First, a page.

BEIJING (Reuters) - China’s business confidence and recruitment activity slipped to record lows in January, a survey showed, adding to signs of weakness in the world’s second-largest economy that could prod policymakers to roll out more support measures.
The Sales Managers’ Index, compiled by London-based World Economics, fell to 51.0 in January from 51.7 in December.
“The Headline SMI index fell slightly in January, but continues to suggest ongoing, albeit modest growth in economic activity,” World Economics Chief Executive Ed Jones said.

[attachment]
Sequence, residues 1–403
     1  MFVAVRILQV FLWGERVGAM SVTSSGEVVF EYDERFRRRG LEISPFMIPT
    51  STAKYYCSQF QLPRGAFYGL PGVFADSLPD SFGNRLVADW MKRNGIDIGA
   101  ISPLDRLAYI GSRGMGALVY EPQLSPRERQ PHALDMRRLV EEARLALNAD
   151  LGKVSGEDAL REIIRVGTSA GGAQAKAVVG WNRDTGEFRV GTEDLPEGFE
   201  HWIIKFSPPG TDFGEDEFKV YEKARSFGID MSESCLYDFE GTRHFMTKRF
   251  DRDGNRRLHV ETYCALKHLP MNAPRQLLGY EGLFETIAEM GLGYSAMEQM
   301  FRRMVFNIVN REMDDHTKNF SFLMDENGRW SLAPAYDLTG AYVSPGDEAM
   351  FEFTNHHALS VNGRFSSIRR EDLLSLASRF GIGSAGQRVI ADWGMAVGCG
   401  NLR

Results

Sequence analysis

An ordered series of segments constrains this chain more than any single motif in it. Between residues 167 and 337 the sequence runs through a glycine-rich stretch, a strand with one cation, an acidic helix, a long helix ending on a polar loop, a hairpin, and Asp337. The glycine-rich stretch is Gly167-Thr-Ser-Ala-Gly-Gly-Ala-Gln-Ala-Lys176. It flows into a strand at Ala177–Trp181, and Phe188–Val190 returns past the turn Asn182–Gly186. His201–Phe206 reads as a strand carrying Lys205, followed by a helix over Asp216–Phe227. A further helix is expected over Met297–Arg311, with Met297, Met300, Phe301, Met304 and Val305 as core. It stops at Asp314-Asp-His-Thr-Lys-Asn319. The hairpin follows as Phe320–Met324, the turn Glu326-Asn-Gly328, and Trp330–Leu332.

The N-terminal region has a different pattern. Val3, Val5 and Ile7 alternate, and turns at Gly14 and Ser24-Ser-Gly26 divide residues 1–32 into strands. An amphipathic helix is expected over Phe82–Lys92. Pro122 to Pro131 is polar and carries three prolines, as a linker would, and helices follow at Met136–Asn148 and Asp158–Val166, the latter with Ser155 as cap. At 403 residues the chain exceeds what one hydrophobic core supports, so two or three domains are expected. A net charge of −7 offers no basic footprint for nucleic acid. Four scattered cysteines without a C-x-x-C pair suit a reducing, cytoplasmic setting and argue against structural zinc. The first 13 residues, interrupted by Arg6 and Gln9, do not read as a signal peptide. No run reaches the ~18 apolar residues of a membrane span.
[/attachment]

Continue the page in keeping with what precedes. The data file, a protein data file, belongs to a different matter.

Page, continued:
The index has averaged 51.4 since the second half of last year, indicating China’s economic activity is still growing steadily, albeit at a much slower rate than a year ago.
The Sales Managers’ Index covers all private sectors of the economy. It is designed to reflect overall economic growth, bringing together the average movement of Confidence, Market Expansion, Product Sales, Prices Charged and Staffing Indices.
The staffing index fell to 50.3 in January, near the 50 no-change mark, from 50.8 in December, hitting its lowest since the survey began, as businesses have become more hesitant to recruit as economic activity weakens, the survey showed.
Reporting by Kevin Yao; Editing by Kim Coghill
Our Standards: The Thomson Reuters Trust Principles.